The W trek in Patagonia is now one of the most popular tourist attractions in South America, with visitor numbers reaching an unsustainable peak. Sarah Marshall looks at less crowded options
Towering two and a half metres above me, the giant sloth emerging from the shadows of a cave below the Cerro Benitez would be terrifying if it wasn’t carved from stone.
Had I been standing here 14,000 years ago, the mylodon might have been a real threat, but now, this life-size statue is simply a reminder of the enormous creatures that once roamed Patagonia’s fittingly large-scale landscapes.
Vast grass plains, inhospitable ice fields and magnificent mountain ranges characterize this region, which straddles Chile and Argentina, and slopes towards the end of the earth.
It’s also home to one of South America’s most popular tourist attractions, the Torres del Paine National Park, where thousands of people come each year, from October to March, to complete the five-day W trek.
I’m here to explore the area’s forgotten trails, hidden caves and rarely used glacial waterways, hoping to experience the real pull of Patagonia: quiet isolation and the opportunity for adventure.
Standing outside the park at sunrise, in the grounds of the Estancia Cerro Guido, I watch the pink-tipped granite towers of the Paine massif emerge fleetingly from the clouds.
A splintered wagon wheel, bent like plasticine by age and wind, is a reminder that this estancia - which offers 10 guest rooms - is still a working sheep farm.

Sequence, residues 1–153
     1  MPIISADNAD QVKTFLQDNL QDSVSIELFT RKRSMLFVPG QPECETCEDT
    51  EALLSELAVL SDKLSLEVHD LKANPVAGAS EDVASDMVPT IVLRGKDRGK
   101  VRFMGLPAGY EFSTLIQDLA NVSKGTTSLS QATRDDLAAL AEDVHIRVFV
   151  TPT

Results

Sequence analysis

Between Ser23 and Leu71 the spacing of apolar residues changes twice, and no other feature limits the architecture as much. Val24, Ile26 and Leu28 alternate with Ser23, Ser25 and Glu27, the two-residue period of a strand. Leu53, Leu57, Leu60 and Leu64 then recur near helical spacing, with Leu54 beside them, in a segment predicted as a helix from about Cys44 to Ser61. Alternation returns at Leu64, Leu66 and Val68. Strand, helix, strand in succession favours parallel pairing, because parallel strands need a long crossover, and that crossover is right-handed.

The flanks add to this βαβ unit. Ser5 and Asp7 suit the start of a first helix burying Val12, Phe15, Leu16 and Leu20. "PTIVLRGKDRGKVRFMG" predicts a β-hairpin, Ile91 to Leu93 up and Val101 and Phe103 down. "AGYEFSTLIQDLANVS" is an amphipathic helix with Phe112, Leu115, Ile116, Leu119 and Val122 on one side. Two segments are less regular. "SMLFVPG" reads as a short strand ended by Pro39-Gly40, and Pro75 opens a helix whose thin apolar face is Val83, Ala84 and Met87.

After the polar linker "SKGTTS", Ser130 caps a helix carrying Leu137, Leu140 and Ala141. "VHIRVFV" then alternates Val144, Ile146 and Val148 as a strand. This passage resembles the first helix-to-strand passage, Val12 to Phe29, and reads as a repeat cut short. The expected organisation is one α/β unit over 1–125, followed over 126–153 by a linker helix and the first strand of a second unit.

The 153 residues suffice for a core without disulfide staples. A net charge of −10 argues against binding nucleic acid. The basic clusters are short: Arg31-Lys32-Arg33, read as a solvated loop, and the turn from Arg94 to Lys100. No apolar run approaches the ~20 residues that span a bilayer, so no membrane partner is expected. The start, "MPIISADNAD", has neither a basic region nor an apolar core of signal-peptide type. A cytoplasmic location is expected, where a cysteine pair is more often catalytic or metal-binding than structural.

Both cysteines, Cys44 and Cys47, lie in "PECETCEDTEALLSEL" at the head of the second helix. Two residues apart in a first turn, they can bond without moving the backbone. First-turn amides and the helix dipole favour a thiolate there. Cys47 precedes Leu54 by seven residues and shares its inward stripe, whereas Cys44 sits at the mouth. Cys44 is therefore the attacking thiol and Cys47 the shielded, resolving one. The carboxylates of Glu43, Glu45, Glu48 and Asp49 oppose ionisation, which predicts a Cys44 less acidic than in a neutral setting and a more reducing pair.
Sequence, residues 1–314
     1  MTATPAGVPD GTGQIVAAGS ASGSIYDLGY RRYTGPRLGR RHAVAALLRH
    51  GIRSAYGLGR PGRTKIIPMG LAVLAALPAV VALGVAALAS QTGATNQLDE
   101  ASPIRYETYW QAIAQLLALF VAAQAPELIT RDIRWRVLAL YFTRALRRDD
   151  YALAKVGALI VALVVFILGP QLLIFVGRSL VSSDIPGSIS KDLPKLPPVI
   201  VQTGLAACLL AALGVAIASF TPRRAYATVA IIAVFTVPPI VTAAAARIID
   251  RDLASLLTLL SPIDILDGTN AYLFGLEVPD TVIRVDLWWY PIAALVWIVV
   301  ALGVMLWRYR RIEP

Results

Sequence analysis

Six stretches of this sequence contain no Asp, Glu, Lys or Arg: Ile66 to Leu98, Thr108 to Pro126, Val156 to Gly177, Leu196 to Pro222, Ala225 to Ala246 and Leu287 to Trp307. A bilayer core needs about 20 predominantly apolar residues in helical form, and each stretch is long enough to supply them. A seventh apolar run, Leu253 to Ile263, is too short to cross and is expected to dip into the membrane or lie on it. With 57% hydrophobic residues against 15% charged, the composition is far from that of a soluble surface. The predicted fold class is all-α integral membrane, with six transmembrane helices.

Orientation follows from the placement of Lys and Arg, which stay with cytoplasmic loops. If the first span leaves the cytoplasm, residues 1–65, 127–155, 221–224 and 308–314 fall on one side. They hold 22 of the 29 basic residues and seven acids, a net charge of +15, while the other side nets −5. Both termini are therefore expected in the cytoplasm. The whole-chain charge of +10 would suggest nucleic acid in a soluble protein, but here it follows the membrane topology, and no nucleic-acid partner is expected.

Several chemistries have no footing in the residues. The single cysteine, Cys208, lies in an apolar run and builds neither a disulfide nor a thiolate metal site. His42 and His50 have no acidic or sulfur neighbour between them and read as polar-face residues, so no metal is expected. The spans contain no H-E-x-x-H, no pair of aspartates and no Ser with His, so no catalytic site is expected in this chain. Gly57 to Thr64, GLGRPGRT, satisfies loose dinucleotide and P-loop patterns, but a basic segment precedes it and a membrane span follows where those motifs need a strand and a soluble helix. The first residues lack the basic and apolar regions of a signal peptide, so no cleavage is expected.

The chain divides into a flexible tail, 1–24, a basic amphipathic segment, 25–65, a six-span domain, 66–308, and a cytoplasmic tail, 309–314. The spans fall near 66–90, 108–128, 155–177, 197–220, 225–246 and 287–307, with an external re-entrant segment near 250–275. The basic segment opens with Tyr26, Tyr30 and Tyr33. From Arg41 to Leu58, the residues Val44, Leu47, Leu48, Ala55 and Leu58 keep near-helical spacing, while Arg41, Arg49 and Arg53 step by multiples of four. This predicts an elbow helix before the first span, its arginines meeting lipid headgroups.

Thanks to government subsidies, the estancia has its own school, gymnasium and bus shelter, even though there are only 20 residents living on site.
Many are gauchos: stern-faced, sullen men wearing flat, felt hats strung with pom-poms, who seem happiest when galloping on horseback across the plains, or sat around a campfire drinking mate from a gourd.
I barely exchange a word with my horse-riding guide as we tackle the rugged trail up to Sierra Baguales, where the blocky mountain ridge resembles a lower set of molars.
As a train of backpackers with walking poles snakes towards the towers, now barely visible in the clouds, my guide, Nico, and I take a different path to the top of neighbouring Cerro Paine Chico.
An avid alpine mountaineer, Nico has lost one of his fingers - not to mention several of his friends - in climbing accidents. Yet his life revolves around the mountains.
My pace quickens when we hear news of a possible puma sighting close to the Hotel Las Torres. Resting in the scrub, close to Nordenskjold Lake, the muscular tawny cat is remarkably close to the trail. Raising alarm, two enormous tucuquere owls, the size of baboons, puff out their feathers and screech insistently from the branches of nearby trees.
Sensing our approach, the puma shifts slowly uphill, hunching his shoulders as he stalks and successfully pounces on a hare, then disappears into the bushes.
Putting my hiking boots to one side, I decide to leave the park by a different means. As summer comes, glacial meltwater creates a network of temporary channels, allowing access to new areas.
Wearing a heavy dry suit, I set off in a sea kayak along the Serrano River towards the neighbouring Bernardo O’Higgins Park. We paddle past sand dunes sculpted by the wind, and I enjoy a moment of calm looking back at the Paine massif behind me.
After a cold and rainy night, my spirits are lifted as we kayak towards the Serrano Glacier, weaving through an obstacle course of ice floes.
A passenger ferry carries us and the kayaks to the town of Puerto Natales.Looking at the same snow-covered, jagged ridgeline, all I can see is difficulty, discomfort and potential danger.But I do also recognise its beauty. That’s one view every visitor to Patagonia can share.